Browsing articles tagged with " Accidents"
LONDON, May 2, 2013 /PRNewswire/ —
Huggies (R) Pull-Ups (R), the potty training experts, are here to help parents through this often challenging stage in their child’s development by bringing them top tips and advice from expert Emma Kenny.
Child psychologist Emma says: ‘Start as you mean to go on, offering your little one encouragement throughout the process.’
How do parents know when their little one is ready to start potty training?
Children will be able to communicate verbally or sign when they need the toilet. They are likely to be able to stay dry for hours at a time, and will show discomfort when they are wet. These are some clear indicators that children are ready to start potty training. For those children who appear disinterested, unable to notice when they are wet, or fear the idea, potty training should be left until they are more ready.
Visit the Huggies(R) Pull-Ups(R) potty training website where parents will find the 8 Signs of Readiness. If a child is demonstrating three or more of these signs then they are ready to embark on their potty training journey.
What tips can parents offer their child to give them a little encouragement?
Huggies(R) Pull-Ups(R) are a great way to show a child that they are growing up and making the transition to becoming a big boy or girl. The easy up and down nature enables little ones to become more independent through this important developmental stage, learning how to use the potty without the worry of accidents. And should there be any little accidents, Huggies(R) Pull-Ups(R) learning graphics that fade when wet can help little ones to understand the difference between wet and dry.
Children love words of encouragement as much as stickers and small treats. Remember to gently praise and notice achievements no matter how small. Positive reinforcement leads to greater self-esteem. Give kids well done stickers and remind them how wonderful they are.
The key for parents is to be patient, encouraging and above all, stick with it!
For further potty training advice and free downloadable potty training tools visit the Pull-Ups website.
Search: Huggies Pull-Ups Potty Training
SOURCE Huggies Pull-Ups
/CONTACT: Sarah Gamble, Sarah.Gamble@kcc.com, +44-(0)1732-594-030
Dr. Heather Wittenberg is the producer of BabyShrink and a mom of four.
Want more? Click to
read the full chat on potty training on our Facebook page.
Earlier this afternoon we held a Facebook chat with
Dr. Heather Wittenberg, Pull-Ups and some of our
readers. Dr. Heather is a licensed psychologist, producer of Baby Shrink, author of
“Let’s Get This Potty Started” and a mom of four. We’ve put
together the questions and answers here to hopefully help some of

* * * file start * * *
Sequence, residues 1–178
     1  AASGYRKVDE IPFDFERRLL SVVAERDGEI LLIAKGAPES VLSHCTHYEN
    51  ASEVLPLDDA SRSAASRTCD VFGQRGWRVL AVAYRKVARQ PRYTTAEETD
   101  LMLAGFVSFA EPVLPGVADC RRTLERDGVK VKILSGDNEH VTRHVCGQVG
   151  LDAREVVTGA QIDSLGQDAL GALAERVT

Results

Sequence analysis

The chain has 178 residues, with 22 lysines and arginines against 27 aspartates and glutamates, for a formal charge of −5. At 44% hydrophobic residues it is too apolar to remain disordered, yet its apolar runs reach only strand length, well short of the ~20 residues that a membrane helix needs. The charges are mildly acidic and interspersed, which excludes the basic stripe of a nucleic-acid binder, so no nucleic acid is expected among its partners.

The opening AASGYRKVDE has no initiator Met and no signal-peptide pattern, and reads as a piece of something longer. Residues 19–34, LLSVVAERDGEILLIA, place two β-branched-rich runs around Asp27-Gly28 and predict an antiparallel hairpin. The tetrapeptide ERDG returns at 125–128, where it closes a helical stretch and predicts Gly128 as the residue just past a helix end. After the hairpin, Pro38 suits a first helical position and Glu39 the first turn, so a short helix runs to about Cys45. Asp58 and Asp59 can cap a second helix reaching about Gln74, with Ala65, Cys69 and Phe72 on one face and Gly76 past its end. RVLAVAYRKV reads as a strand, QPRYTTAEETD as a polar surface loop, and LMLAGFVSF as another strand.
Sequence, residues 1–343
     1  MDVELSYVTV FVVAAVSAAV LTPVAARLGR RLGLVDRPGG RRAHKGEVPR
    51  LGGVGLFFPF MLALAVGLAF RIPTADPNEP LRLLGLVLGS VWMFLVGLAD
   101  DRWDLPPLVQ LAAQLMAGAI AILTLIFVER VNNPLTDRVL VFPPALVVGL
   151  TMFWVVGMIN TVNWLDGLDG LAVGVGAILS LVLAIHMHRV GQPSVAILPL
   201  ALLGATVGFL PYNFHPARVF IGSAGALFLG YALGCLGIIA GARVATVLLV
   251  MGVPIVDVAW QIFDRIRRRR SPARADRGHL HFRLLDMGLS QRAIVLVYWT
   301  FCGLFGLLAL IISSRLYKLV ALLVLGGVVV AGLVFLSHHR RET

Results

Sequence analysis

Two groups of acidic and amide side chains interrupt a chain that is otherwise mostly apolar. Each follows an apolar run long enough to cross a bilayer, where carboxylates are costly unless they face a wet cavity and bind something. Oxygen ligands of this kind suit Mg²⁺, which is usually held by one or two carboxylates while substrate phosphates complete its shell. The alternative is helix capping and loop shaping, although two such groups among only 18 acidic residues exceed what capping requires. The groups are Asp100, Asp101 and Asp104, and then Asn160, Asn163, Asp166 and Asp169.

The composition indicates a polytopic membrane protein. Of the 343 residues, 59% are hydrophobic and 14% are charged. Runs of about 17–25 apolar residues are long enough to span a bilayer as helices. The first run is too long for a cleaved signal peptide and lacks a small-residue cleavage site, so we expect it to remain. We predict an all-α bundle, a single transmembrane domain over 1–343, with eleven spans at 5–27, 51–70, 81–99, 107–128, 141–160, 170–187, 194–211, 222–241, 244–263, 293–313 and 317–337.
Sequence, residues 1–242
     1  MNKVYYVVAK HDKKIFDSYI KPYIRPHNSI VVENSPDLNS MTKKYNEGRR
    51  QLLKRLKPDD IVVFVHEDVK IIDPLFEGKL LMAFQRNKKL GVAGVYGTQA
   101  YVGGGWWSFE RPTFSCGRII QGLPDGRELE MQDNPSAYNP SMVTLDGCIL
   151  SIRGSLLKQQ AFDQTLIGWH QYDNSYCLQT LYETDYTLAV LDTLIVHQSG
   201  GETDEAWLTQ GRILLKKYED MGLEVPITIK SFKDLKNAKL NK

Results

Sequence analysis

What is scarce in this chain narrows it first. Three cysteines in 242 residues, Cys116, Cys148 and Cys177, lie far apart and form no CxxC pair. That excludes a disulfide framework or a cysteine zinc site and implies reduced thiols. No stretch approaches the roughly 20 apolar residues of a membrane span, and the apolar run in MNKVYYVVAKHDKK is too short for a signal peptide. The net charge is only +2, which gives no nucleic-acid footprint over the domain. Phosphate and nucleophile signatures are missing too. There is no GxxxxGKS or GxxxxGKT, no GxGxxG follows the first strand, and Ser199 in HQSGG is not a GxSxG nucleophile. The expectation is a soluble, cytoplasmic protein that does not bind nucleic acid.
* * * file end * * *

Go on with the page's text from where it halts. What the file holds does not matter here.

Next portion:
our readers with their own potty training struggles.
Chicago Parent: Hi Dr. Heather!
Our first question is from Sarah Thorogood: My little one did
really well potty training, and was dry and clean within a week.
Now, about two months later (she is 2.5 years) she has had a few
accidents that I reacted calmly to and she was ok. Then she started
spotting in her pants with a tiny wee before saying she needed to
go and this has escalated to her now not telling me at all that she
needs to do and she often has wet pants and won’t tell me. What
should i do?!
Dr. Heather Wittenberg: Hi Sarah! Be sure to
mention this to her pediatrician, since urinary tract infections
are common complications of little girls this age. If she’s healthy
and ready to roll, watch her for signs of readiness – and be sure
not to put too much pressure on her for progress. Often, children
take a “one step forward, two steps back” track to potty success.
Don’t panic! Temporary backtracking is a normal, common part of
potty training. Let your daughter be in charge of the pace. Offer
her Pull-Ups, and tell her she can decide if she’s ready to use the
potty. Hang in there! Her own natural desire to be a Big Kid will
kick in soon.
Ready to start?
CP: Our second question comes from
Islandgirl Bella: My 23 month old tells me when she makes poopy and
won’t sit on her butt until she is changed but I don’t think she
knows how to say when she is wet. Is this the beginning stages of
getting ready? I bought a potty and keep it in the bathroom but she
only sits on it dressed. I would like to start but afraid to scare
her if she’s not ready.
Dr. Heather: Aloha, Islandgirl! It sounds like
your daughter is getting started on the potty-readiness path! Talk
to her about the signs you’re seeing. Say, “Sweetie, it looks like
you don’t like the feeling of that poopy on your bum. It feels
yucky, huh. When you’re ready, I can show you how to make it in the
potty so that it won’t get all on you like that.” Using a casual,
non-pressuring tone is the way to go because you’re right – too
much intensity from parents can turn off an otherwise potty-ready
toddler. Let her take the lead, but when you see a sign from her,
go ahead and offer her the next step!
Potty training twins
Nancy Kuzniar: I have B/G twins,